Healthy Living

Facebook Is Ruining Your Mental Health In More Ways Than One: Why The Social Network Isn’t Worth It

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Facebook isn't just a time-sucking photo album. Too much browsing could impact how you see yourself and others. Reuters

Facebook may be the best time waster in history, but the world’s largest social network gets a giant blue thumbs down when it comes to keeping its users happy and mentally healthy. Growing bodies of research suggest Facebook not only keeps people neurotic and fraught with worry. It hurts their very self-esteem.

Highlight Reels

Social networks like Facebook, and formerly MySpace and Friendster, and Twitter to a lesser extent, experience something of an identity crisis. In the living, breathing real world, where people accidentally bump into each other and make small talk between coffee orders, personal shortcomings and hidden foibles run rampant. Conversation is mitigated to keep things amicable — and for good reason. Few people have the energy or the emotional investment to hear about your bad day.

But on Facebook there are no bad days. At least, that’s how people choose to brand themselves. In a digital world of weak ties, where the most dazzling, fun-filled photos from last night are cherry-picked from a much larger pool of blurry, awkward shots of people not at their best-looking, highlight reels mask what goes on behind the scenes. And much of the psychological research reveals this dynamic takes a toll.

Last year, a group of social psychologists from the University of Michigan published a study that found the more people used Facebook, the unhappier they became. Five times a day for two weeks, the team text messaged people asking them five questions. These questions probed subjects about their current feelings, level of worry and loneliness, Facebook use since they were last asked, and level of “direct” interaction with people since they were last asked.

The results of the study were dramatic. People were substantially unhappier the more they used Facebook between the researchers’ text messages. Even after the team controlled for loneliness levels, the team found that people were not using Facebook merely as a way to cope with their pre-existing sadness. In reality, “multiple types of evidence indicated that it was not the case that Facebook use led to declines in well-being because people are more likely to use Facebook when they feel bad,” the researchers explained. It was the Facebook use that made them sad.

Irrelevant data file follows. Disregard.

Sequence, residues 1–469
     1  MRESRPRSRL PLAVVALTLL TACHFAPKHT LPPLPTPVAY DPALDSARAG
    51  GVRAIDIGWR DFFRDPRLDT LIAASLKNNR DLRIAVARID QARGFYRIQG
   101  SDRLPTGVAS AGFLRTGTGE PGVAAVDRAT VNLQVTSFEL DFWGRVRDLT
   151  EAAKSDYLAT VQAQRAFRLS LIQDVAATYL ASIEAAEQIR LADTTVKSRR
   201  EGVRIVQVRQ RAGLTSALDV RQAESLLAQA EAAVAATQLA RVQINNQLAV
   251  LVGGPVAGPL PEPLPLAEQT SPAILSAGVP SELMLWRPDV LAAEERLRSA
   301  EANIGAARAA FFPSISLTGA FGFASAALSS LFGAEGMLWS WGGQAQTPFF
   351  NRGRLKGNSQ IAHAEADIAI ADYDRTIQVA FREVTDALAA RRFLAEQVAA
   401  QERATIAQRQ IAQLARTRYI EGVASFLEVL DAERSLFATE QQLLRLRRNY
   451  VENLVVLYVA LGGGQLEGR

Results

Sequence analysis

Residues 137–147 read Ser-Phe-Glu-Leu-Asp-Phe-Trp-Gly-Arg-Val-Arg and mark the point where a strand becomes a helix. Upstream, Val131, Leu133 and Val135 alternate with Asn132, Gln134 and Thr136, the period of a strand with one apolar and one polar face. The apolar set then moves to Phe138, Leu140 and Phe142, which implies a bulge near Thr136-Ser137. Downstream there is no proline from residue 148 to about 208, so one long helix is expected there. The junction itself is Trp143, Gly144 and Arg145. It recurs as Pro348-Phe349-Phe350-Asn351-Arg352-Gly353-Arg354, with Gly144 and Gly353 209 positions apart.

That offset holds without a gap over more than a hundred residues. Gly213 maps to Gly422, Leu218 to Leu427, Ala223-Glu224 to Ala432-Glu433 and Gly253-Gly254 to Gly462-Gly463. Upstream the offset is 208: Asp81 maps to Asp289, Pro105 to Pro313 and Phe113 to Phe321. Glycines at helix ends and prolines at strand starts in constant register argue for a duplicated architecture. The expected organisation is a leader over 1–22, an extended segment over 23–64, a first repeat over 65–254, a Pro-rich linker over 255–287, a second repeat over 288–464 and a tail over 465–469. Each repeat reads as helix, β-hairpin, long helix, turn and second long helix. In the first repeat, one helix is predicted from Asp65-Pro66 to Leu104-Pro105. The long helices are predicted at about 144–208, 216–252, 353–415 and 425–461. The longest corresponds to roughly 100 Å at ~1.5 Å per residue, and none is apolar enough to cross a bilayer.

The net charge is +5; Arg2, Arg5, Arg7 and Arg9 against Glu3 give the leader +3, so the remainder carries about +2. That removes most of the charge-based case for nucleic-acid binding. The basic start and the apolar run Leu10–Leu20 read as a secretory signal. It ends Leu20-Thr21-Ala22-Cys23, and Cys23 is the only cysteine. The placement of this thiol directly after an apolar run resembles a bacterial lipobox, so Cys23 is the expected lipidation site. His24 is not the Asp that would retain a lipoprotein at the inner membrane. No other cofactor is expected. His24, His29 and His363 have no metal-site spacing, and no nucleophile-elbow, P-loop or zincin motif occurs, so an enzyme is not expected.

For researchers like those at the University of Michigan and elsewhere, understanding whether Facebook makes people unhappy is almost beside the point; that much is already clear. The real question is, Why does it make people sad? And to dig even deeper, In what ways does it do so?

The 'Like' Machine

When people aren’t using Facebook for rekindling old relationships, they’re usually browsing through their friends’ profile pictures — clicking, mindlessly, through one ecstatic photo after another. They see smiles. Friendship. A perfect life. What they don’t see are the emotions, the tears, the frustrations, and the rest of the complex ball of yarn that goes into forming a person’s sense of self.

This gap between what’s seen and what’s experienced has a real effect on Facebook users’ impressions of themselves, girls especially. One 2013 study found that girls between the ages of 12 and 18 tended to objectify themselves more often when they used Facebook more often. Their unique features turned into “Like” and comment tokens, their body images a good to be marketed socially.

These findings built upon the already uncomfortable findings of a 2010 study, which found Internet and magazine portrayals of women, in posting to Facebook or attempting to garner subscribers, instilled in the female viewing audience a compulsion to be thin. Researchers behind the study discovered that social media sites, to an equal degree as magazine publishers who are notorious for airbrushing cover photos, reduce girls’ own satisfaction with their weight. A public survey conducted by the Center for Eating Disorders found nearly half of all respondents spent time wishing they had the same body or weight as a friend.

So what’s the solution to all this obsession over body image and self-worth? On the one hand, deleting a Facebook account necessarily removes a person from the massive social network that may be causing him or her harm. But total isolation from the digital world doesn’t have to be the only path toward feeling better. In fact, it may only suppress feelings that heavy Facebook use already built up.

A more reasonable solution may be to reevaluate the point of Facebook in the first place. Why do you use it? Are you happy with what you’re getting out of it? After some careful thought, you may discover you’re absorbing a lot more than just what your friends did last weekend. And if the research has shown anything, they’re probably thinking the same about you, too.

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